A senior dog lying down next to its owner in the grass.

Rescue Me: POV: Tips for Adopting a Senior Dog

“Rescue Me” is a recurring column by Samantha Randall, editor-in-chief at Top Dog Tips. She’ll provide personal anecdotes and perspective about her life as a pet lover with a passion for cat and dog rescue. Today, she talks about rescuing senior dogs.

At many animal shelters, senior dogs are always the last adopted and, as a byproduct, often the first to be put down. For this reason, adopting a senior dog can be very rewarding. In fact, I’ve done a whole podcast on why you should adopt senior dogs where I give my personal experience with senior adoption.

But before you make that long-term commitment, here are a few things you should consider when adopting a senior dog.

Be prepared for long-term health issues when adopting a senior dog

You shouldn’t be scared, but some senior dogs will have certain health problems. Arthritis, forgetfulness and digestive issues are just a few things your pooch may face. When you consider adopting a senior dog, you need to decide what kind of home you will be able to provide and how prepared you are for this endeavor. Are you prepared for:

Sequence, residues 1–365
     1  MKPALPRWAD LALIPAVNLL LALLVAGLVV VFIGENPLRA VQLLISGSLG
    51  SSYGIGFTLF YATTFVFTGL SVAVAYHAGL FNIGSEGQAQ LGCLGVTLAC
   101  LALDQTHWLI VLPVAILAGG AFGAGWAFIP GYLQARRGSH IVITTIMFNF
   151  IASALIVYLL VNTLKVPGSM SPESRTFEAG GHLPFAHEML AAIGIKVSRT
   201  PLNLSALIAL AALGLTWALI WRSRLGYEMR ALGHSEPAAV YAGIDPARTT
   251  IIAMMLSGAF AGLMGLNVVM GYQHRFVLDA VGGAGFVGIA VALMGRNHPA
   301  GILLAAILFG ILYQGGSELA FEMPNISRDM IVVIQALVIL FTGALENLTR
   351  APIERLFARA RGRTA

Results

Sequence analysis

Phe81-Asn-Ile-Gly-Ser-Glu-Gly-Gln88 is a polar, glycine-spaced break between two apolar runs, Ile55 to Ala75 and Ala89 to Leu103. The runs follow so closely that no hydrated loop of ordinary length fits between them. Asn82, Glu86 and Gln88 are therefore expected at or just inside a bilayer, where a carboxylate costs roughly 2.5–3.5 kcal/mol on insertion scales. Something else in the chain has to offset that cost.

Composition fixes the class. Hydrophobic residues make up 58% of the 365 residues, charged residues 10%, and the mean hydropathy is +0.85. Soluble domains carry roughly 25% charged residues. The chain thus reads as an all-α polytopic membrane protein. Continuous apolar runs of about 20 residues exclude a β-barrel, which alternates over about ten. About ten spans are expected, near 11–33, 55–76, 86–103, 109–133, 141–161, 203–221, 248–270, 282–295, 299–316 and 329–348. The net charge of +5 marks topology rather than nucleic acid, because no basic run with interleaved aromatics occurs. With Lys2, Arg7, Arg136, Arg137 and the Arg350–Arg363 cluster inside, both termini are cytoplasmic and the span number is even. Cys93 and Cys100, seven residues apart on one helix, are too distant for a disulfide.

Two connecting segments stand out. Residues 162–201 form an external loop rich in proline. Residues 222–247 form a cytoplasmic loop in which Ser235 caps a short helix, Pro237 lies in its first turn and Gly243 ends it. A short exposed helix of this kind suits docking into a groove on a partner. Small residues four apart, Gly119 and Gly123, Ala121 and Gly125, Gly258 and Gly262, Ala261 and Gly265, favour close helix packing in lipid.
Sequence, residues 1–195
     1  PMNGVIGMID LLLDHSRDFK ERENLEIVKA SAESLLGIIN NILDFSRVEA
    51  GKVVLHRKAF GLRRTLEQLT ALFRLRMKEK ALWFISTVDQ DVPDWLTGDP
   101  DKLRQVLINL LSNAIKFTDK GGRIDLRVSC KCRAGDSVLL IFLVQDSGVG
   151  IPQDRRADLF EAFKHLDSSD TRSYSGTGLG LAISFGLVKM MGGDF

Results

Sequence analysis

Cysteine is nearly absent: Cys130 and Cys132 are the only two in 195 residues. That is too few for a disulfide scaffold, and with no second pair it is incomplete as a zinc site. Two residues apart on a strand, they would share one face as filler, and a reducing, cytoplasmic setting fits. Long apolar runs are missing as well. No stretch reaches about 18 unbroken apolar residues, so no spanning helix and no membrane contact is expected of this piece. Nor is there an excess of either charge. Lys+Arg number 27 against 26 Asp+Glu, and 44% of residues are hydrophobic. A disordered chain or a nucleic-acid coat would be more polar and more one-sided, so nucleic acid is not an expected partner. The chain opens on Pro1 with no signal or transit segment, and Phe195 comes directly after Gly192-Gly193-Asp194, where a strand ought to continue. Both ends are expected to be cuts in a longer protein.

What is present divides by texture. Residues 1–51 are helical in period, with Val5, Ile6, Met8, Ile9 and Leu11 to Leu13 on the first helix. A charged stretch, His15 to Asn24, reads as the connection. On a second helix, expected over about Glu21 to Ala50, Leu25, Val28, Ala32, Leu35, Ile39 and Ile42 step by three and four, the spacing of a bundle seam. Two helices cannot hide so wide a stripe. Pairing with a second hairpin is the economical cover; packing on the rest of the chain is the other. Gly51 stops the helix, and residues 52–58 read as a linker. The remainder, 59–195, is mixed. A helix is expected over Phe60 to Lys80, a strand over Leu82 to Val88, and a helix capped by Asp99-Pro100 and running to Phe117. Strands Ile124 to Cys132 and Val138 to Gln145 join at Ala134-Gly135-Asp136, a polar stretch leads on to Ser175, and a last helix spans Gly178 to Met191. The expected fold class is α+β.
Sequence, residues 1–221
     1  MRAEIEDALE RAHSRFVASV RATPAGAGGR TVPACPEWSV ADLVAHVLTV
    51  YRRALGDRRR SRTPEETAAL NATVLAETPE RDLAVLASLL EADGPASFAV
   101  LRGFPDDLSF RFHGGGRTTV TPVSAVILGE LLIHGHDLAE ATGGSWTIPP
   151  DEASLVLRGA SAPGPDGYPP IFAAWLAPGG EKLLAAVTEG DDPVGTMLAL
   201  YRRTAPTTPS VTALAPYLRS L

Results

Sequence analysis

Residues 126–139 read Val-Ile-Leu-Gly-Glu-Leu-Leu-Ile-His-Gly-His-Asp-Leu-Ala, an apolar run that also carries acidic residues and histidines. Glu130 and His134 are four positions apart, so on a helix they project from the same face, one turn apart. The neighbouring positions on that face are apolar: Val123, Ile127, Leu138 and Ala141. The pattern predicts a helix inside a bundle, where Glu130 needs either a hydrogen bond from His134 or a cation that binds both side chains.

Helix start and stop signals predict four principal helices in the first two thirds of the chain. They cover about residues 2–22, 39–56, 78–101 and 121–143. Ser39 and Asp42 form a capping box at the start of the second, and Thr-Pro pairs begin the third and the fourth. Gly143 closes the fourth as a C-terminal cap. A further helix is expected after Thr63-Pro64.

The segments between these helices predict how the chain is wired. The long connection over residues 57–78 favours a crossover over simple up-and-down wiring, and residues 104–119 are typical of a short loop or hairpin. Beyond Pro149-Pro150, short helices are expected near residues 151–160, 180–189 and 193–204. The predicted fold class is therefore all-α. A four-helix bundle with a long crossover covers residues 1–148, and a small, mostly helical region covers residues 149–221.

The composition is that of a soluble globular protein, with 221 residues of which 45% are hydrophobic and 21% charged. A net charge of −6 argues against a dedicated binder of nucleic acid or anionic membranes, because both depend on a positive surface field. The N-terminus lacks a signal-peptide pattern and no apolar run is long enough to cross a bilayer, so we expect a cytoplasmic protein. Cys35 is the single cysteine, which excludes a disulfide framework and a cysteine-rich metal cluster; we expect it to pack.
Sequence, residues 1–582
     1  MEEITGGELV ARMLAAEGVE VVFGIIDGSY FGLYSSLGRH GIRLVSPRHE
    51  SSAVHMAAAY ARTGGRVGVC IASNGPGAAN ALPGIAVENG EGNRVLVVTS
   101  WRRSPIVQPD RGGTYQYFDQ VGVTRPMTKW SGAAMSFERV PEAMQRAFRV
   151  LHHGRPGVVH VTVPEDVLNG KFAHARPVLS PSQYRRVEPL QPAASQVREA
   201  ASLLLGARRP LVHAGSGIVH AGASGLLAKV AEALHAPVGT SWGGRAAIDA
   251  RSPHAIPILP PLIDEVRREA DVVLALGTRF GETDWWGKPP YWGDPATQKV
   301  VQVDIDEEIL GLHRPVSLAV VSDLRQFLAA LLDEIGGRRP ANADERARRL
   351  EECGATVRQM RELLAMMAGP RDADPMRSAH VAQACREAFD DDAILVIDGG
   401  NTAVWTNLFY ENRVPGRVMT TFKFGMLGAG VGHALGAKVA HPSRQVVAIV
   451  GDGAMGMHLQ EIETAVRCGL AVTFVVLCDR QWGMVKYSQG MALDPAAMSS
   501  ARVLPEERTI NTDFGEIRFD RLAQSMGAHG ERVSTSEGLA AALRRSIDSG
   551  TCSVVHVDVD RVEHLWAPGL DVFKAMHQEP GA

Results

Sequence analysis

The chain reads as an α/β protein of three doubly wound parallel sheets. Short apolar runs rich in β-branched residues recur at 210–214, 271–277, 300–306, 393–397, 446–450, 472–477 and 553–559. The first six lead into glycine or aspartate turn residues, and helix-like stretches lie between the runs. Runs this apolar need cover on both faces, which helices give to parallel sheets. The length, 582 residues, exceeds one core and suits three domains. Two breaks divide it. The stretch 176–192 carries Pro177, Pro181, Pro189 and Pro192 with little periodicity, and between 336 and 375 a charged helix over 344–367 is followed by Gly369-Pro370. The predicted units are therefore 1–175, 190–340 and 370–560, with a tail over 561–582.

• Medical care — If you want your canine to have the best care, it may be slightly expensive, especially if the dog requires more extreme care. If available, some owners will turn to chemotherapy, hip replacements or other expensive treatments. Insurance plans for dogs are available, although they may have some restrictions. Sometimes, the right medical care can add years to a pet’s life. Quality of life can also be improved, which is great if you can afford it.
  • Hospice care — Just providing hospice care to a dog in need can be rewarding for both you and the dog. My husband and I adopted a senior dog who lived with us for two years. We didn’t do any extreme medical procedures. We didn’t give her any medications except if she needed antibiotics. She was always very happy and loving. When her time came, we were right there beside her.

Be prepared for incontinence when adopting a senior dog

This is a very real possibility as a dog gets older. Maybe they can’t hold it for long periods of time anymore or severe arthritis has set in and they can’t move around as easily — and there are many other reasons that incontinence may be an issue with seniors.

There are also many ways you can deal with this issue. Sometimes medicine from the vet can help, but if your canine still has problems, you can use some other products, too.